LOCATION: Munk Center, University of Toronto, Toronto, ON
DATES: May 5 – 8, 2016
The Kolleg focused on the theme of “Time“ held in Toronto from May 5-8 was highly
successful, bringing together a total 95 scholars which included 31 Early Career Scholars, 12
Other Scholars and 22 DAAD alumni. The expenses related to the 22 DAAD Alumni are
covered by a separate grant from the DAAD. Thus, the costs of the 73 participants who are not
DAAD Alumni are counted in the in the funding request to the AvH.
Feedback from all attendees of the conference were universally positive. There were several
factors which contributed to the success of the programme.
1. The choice of ‚Time‘ as a central theme.
The theme allowed participation of scholars from a wide range of disciplines, with
enthusiastic response to our initial call for papers. Indeed, several submissions, late in the
planning of the conference, could not be fitted into the programme due to constraints within
the 3-day programme. As evidenced by the papers presented, this Kolleg showcased a truly
multi-disciplinary academic exchange amongst scholars at throughout the conference.
2. The 3-day duration of the conference.
Three full days allowed for scheduling of general sessions with talks from scholars across
disciplines to facilitate multi-disciplinary exchange. The concurrent session, which were
programmed with speakers within the same/similardisciplines allowed for more indepth
content-specific discussions. Moreover, as can be seen in the attached programme, all
sessions included talks from both early and established scholars with the view of generating
and fostering discussions amongst potential mentors and mentees. The duration of the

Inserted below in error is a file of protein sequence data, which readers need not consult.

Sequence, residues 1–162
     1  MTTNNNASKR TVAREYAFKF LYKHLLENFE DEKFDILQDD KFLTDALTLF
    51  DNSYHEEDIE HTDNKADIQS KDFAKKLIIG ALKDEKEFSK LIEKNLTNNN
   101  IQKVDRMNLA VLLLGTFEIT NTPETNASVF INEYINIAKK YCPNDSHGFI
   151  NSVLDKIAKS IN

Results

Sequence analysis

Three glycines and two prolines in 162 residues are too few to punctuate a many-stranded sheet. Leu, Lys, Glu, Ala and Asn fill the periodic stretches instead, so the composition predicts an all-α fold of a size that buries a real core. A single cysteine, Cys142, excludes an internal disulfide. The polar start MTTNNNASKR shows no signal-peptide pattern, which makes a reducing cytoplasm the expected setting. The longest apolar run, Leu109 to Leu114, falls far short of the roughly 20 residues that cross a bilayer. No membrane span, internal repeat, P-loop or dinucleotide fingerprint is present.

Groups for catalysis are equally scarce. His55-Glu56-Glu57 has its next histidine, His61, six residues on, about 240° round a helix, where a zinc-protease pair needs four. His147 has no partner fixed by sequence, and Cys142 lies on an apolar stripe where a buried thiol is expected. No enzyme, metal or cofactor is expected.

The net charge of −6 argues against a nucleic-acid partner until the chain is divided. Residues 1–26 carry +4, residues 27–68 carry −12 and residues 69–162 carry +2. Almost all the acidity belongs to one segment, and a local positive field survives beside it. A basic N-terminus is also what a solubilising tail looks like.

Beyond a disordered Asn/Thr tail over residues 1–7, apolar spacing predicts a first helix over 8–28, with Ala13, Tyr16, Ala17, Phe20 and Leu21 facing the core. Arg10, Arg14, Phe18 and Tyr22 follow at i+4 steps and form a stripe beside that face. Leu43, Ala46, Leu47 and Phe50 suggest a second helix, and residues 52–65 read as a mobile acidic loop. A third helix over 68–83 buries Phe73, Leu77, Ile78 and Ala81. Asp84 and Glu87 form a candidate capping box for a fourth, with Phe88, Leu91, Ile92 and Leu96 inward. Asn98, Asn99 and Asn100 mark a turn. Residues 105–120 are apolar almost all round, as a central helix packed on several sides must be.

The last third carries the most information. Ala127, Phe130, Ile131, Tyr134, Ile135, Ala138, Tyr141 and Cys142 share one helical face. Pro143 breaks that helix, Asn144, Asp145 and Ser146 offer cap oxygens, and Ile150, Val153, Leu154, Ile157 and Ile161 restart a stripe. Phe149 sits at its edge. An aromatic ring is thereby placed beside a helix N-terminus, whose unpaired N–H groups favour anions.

meeting also allowed for ample time during breaks to allow discussions initiated within
sessions to continue at more informal settings.
3. The venue.
The Campbell Conference Centre, embedded in the Munk School of Global Affairs, was
specifically chosen to foster discussion and networking. Designed in the tradition of
Oxford University College quadrants with the meeting rooms at each side of the central
quadrant, the open spaces in the quadrant (both indoor and outdoor) with benches and
tables allowed for conversations in an informal setting throughout the 3 days of the
conferences. Indeed, the both indoor and outdoor spaces were much used by the delegates
for conversations during the breaks throughout the meeting.
4. Participation of 31 Early Career Scholars.
A concerted effort was made via contact with the DAAD, AvH alumni, personal meetings
with Post-Graduate Training Offices and International Relations Offices of the many
universities in Ontario and Quebec to invite Early Career Scholars to the Kolleg. Our
success in recruiting 31 Early Career Scholars was compounded by their active engagement
as Speakers, Session Chairs and Round-Table Discussion Leaders. The feedback from these
Early Career Scholars was outstanding with at least 3 who are now stimulated to actively
pursue further research studies in Germany.
5. The bus excursion to the wineries and dinner in the Niagara region on Saturday
afternoon and evening.
The setting allowed for much lively conversation amongst and between participating
scholars that was evident throughout the afternoon and evening. Despite the late hour (with
the bus arriving back in Toronto near midnight), the noise level on the bus was testimony of
the lively discussions amongst the delegates that continued well after our dinner round table
Note: Text above prepared by Prof. C-W Chow, HAC President and Kolleg Organizer